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The role of verbal patterns in Arabic reading acquisition: insights from cross-modal priming

Abstract

The role of morphology in learning to read can vary widely across languages and is related to the extent to which the morphological system is a dominant feature of the specific language. The present study focuses on Arabic, a Semitic language written in an abjad (consonantal writing system) and characterized by rich morphological structures based on non-concatenative word-building procedures. This study is the first to address the issue of verbal pattern priming among young developing Arabic speakers. Second and fifth graders performed a lexical decision task using cross-modal priming in which target words primed by the same verbal pattern as the target (/tanaffasa/- /tamahhala/ 'breathed-slowed') were compared to words primed with a different verbal pattern than the target while preserving phonological similarity (e.g., /tana:qaʃa/ - /tamahhala/'discussed-slowed'). The findings showed facilitation for target words on accuracy rates among fifth graders only. No facilitation in lexical decisions was observed in reaction times in either grade. These findings show that the verbal pattern acts as a binding agent at a more advanced stage of reading acquisition enhancing representation quality in terms of accuracy. With regard to speed, more reading experience, linguistic knowledge, and exposure to the written language are apparently required.

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Fig. 1

Notes

  1. The letter C represents the position of a root consonant.

  2. The phonological unity of the root is disrupted in cases of weak roots (i.e., roots that involve the glides و /w/or ي /y/or both, as part of their component consonants; these undergo allomorphy and appear with only two of their three consonants in some derivations).

  3. The extra lineal diacritic-like signs also include two marks: one that maps vowel nullification (/ʔassuku:nu/ (ْ, and one that denotes consonant gemination (/ʔʃʃaddatu/ ّ (N.B. the broken circle represents any consonant letter). They also include less frequent signs (i.e., /madda/ ~)), /hamzatu-l-waṣli/ٱ)) which only appears on the alif, and the “dagger” alif or superscript alif /ʔal-ʔalifu-l- xanjariyyatu/, ٰ)) (see, for details, Saiegh-Haddad & Henkin-Roitfarb, 2014).

  4. CAPITAL LATIN LETTERS is used together with their Arabic counterparts, to transcribe the Arabic orthography.

  5. The verbal patterns usually referred to in the orientalist tradition by Roman numerals (Holes, 1995).

  6. C stands for radical consonants.

  7. The examples in this study are in their 3rd person masc. past form and are free of inflectional suffixes.

  8. There are different methods of transcribing the verbal patterns (see for example, Holes 1995). The glottal stop consonants was not included in some patterns. However, selecting one mode of presentation or another does not have any implications for the results of the study and I adhere to one mode for the purposing of maintaining consistency.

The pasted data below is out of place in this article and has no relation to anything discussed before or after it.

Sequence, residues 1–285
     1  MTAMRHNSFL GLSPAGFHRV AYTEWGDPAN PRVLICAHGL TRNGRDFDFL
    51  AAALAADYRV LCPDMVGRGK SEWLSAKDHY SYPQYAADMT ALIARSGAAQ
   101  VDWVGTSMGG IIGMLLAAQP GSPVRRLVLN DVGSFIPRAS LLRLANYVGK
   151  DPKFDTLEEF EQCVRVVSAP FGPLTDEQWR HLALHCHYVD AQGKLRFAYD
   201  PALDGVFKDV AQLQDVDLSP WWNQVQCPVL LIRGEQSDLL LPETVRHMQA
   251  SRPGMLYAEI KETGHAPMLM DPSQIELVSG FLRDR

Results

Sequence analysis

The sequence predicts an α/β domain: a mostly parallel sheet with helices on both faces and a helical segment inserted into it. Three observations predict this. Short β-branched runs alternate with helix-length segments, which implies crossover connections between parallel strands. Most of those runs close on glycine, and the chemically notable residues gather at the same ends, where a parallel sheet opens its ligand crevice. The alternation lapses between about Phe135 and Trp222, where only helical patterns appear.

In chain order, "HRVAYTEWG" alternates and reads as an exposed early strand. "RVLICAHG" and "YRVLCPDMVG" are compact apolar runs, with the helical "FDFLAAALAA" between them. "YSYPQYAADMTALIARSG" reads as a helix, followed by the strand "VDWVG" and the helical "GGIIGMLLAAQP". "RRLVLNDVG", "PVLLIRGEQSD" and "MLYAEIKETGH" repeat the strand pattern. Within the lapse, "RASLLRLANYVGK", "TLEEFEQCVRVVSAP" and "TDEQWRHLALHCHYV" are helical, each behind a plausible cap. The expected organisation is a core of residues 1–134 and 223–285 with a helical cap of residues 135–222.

9. Diglossia: The most conspicuous hallmark of the Arabic language (Maamouri, 1998).

    in which two varieties, the spoken Arabic and Modern Standard Arabic, exist and are used side-by-side by the same speakers (Ferguson, 1959; Maamouri, 1998; Myhill, 2014). Spoken Arabic is the variety that is used in daily conversation and everyday communication. Standard Arabic, in contrast, a modern descendant of Classical Arabic and Literary Arabic, is highly uniform across the entire Arabic world and is the only language variety that has a conventional written form. It is typically not acquired as a first spoken language.

  10. Saiegh-Haddad (2013) classified the words in her spelling task into two categories according to whether the letter < t > in these words was regular—mapping the default voiceless dental-alveolar stop /t/, or irregular—mapping its velarised counterpart [tˁ].

  11. The Bayes factor of the priming effects in the related condition relative to the control condition in second grade was 8.986 (null versus alternative hypothesis).

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Acknowledgements

The author thanks Prof. Mark Leikin for his assistance in preparing this manuscript.

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Correspondence to Yasmin Shalhoub-Awwad.

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Shalhoub-Awwad, Y. The role of verbal patterns in Arabic reading acquisition: insights from cross-modal priming. Read Writ (2022). https://doi.org/10.1007/s11145-022-10317-y

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  • DOI: https://doi.org/10.1007/s11145-022-10317-y

Keywords

  • Arabic language
  • Morphology
  • Verbal pattern
  • Development
  • Mental lexicon
  • Cross-modal priming